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FDA Approves First Scorpion Sting Antidote (cont.)

Things to Know

The Arizona Poison and Drug Information Center says most stings to healthy, young adults can be managed at home with basic first aid and follow-up. Victims should

  • clean the site with soap and water
  •  apply a cool compress
  • elevate the affected limb to the same level as your heart
  • take aspirin or acetaminophen as needed for minor discomfort

If a child is stung or the victim experiences severe symptoms, go to a medical facility immediately. If the child is under 5 years old or if an older patient is experiencing more than minor discomfort, call the poison center at 1-800-222-1222.

Made by Instituto Bioclon in Mexico City, Anascorp may cause early or delayed allergic reactions in people sensitive to horse proteins. The manufacturing process includes steps to decrease the chance of allergic reactions and to reduce the risk of transmission of viruses that may be present in the horse plasma.

FDA determined Anascorp was effective based on the results of an initial placebo-controlled, double-blind study of 15 children with neurological signs of scorpion stings. During placebo-controlled, double-blind studies, some patients get the medicine being tested, and others get a placebo—and even the researcher doesn't know who gets which treatment. In the Anascorp study, symptoms disappeared within four hours in the eight subjects who received the antidote, but only one of the seven who received a placebo recovered so quickly.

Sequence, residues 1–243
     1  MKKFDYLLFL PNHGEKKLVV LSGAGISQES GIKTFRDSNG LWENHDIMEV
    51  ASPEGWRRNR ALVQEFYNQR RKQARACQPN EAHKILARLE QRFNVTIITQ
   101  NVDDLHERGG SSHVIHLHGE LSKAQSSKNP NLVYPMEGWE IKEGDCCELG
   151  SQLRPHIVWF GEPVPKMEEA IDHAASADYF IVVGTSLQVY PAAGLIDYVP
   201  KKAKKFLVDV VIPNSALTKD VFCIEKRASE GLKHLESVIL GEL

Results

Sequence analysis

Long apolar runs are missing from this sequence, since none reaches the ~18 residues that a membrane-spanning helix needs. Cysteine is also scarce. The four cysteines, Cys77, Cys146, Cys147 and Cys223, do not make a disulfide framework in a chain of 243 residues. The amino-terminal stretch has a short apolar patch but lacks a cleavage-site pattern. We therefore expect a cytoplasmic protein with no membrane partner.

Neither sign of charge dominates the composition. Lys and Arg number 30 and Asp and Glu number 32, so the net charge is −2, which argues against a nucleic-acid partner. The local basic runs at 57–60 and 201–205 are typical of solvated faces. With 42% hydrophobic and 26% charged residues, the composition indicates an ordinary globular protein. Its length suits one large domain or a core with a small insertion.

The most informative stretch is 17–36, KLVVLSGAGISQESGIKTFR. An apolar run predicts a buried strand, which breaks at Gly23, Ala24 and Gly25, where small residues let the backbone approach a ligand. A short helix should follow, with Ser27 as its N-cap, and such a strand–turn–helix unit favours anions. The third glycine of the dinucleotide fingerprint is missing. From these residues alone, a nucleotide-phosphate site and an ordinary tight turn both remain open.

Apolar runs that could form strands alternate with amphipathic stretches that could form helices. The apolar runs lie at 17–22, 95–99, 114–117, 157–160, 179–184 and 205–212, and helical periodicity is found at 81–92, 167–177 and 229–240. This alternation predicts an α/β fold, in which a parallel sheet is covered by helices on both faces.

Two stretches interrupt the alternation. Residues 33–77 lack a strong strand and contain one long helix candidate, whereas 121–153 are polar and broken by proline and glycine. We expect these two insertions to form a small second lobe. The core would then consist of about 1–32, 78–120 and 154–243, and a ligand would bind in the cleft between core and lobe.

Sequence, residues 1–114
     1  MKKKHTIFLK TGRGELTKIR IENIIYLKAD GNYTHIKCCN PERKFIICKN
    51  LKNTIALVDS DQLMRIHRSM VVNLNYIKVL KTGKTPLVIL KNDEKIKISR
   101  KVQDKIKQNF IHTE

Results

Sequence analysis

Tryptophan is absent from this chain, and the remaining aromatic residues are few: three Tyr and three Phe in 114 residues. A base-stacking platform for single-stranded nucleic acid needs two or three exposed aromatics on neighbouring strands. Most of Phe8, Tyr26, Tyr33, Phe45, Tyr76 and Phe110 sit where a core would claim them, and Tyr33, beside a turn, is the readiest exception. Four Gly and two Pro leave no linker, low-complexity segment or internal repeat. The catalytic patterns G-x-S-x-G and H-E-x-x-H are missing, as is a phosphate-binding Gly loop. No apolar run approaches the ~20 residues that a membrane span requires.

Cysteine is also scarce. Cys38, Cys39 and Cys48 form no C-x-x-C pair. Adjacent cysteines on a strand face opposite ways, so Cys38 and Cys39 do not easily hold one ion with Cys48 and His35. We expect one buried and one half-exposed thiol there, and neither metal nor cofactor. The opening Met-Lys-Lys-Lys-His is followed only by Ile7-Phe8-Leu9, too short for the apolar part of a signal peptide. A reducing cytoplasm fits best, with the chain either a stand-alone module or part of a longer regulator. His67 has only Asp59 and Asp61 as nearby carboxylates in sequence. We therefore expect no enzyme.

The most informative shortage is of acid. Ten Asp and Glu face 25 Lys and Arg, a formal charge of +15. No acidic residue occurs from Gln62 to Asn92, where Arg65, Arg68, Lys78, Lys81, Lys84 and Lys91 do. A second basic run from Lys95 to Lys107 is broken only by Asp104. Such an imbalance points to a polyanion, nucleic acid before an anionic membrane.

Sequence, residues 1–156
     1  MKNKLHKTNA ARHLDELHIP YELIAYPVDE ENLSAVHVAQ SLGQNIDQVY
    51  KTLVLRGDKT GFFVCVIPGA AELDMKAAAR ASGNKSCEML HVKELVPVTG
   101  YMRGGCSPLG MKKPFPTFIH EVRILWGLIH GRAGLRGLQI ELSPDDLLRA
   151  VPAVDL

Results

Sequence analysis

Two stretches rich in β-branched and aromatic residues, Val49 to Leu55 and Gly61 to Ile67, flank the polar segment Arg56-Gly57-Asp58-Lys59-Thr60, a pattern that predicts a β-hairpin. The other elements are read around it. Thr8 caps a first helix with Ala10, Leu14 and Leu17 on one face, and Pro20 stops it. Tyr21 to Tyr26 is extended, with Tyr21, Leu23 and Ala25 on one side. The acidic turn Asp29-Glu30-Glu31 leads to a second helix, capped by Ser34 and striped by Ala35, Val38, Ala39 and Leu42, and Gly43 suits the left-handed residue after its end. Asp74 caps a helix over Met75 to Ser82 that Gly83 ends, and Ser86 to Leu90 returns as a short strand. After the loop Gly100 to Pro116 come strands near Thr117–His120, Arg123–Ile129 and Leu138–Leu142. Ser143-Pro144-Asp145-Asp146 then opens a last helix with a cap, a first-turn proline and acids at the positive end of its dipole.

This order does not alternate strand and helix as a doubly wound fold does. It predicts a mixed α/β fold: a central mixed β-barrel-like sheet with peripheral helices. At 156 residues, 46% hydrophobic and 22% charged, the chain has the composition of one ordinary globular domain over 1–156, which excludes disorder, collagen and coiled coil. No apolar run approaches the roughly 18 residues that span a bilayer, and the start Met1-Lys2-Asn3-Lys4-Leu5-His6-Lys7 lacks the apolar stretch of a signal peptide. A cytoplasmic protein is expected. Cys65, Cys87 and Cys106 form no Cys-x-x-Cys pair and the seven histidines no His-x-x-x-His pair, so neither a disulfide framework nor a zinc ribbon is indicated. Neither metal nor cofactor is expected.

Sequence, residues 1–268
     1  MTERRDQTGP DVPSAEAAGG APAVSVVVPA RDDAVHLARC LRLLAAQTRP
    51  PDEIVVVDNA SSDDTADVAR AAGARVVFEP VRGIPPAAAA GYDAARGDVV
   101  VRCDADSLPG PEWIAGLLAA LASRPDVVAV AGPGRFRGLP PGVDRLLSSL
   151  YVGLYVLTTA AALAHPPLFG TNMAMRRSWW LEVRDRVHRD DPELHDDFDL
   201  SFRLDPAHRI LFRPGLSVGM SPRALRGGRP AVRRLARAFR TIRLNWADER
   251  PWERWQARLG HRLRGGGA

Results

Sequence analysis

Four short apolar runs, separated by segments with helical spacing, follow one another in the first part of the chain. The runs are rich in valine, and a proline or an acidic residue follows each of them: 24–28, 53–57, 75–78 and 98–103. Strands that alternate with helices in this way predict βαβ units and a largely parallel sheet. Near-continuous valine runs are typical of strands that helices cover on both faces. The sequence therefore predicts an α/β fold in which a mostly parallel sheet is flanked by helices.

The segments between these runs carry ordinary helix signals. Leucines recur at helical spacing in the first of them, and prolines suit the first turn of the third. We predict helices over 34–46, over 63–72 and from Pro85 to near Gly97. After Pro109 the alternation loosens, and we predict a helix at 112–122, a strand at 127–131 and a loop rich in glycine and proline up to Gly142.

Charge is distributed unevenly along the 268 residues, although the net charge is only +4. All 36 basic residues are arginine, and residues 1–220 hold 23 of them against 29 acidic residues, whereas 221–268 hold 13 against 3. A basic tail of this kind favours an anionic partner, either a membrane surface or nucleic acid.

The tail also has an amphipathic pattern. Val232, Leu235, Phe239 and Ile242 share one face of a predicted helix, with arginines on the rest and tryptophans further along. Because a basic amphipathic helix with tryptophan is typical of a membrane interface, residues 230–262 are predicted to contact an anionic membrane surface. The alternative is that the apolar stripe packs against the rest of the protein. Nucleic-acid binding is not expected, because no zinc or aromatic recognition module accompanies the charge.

In total, safety and efficacy data were collected from 1,534 patients in the studies led by the University of Arizona. The most common side effects of Anascorp were vomiting, fever, rash, nausea, itchiness, headache, runny nose, and muscle pain.

Experts say desert dwellers should know the symptoms of a scorpion sting and get treatment if severe symptoms develop. Severe symptoms include shortness of breath, fluid in the lungs, breathing problems, excess saliva, blurred vision, slurred speech, trouble swallowing, abnormal eye movements, muscle twitching, thrashing of the arms and legs, trouble walking, and other, uncoordinated muscle movements.

SOURCE: FDA.gov. FDA Approves First Scorpion Sting Antidote. August 3, 2011.


Last Editorial Review: 12/28/2011 6:36:51 PM





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